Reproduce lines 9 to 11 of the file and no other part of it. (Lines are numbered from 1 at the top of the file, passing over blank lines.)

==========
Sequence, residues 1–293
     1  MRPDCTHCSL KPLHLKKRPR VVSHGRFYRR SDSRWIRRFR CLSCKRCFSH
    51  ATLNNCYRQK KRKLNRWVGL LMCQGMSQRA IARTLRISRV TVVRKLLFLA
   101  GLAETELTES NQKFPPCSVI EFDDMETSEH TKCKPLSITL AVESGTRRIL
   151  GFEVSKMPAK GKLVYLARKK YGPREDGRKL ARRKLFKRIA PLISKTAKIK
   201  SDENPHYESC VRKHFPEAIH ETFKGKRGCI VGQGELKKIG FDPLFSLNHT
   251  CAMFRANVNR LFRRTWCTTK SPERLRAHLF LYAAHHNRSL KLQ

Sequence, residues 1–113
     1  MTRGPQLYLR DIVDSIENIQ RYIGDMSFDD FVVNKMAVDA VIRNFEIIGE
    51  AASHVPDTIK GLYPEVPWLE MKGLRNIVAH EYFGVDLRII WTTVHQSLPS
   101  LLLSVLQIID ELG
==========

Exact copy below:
     1  MTRGPQLYLR DIVDSIENIQ RYIGDMSFDD FVVNKMAVDA VIRNFEIIGE
    51  AASHVPDTIK GLYPEVPWLE MKGLRNIVAH EYFGVDLRII WTTVHQSLPS
   101  LLLSVLQIID ELG